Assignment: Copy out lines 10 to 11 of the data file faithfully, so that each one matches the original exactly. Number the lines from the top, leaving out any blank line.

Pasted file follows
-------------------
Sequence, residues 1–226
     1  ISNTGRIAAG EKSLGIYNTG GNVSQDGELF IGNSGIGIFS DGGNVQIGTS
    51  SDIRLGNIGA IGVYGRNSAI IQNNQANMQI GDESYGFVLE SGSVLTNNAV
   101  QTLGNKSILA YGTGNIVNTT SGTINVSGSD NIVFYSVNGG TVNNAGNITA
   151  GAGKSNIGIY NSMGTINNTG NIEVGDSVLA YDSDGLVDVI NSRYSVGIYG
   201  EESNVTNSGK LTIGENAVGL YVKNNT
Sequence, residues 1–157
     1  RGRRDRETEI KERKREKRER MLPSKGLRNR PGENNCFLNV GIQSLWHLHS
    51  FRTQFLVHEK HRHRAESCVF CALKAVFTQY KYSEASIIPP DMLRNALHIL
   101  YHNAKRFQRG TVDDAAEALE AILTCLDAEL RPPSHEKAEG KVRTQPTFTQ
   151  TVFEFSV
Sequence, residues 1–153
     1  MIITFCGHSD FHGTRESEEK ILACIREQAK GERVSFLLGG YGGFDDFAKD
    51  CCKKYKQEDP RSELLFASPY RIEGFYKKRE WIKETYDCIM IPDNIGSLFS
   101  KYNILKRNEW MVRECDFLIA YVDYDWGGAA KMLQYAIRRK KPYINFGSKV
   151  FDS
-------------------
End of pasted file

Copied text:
   101  YHNAKRFQRG TVDDAAEALE AILTCLDAEL RPPSHEKAEG KVRTQPTFTQ
   151  TVFEFSV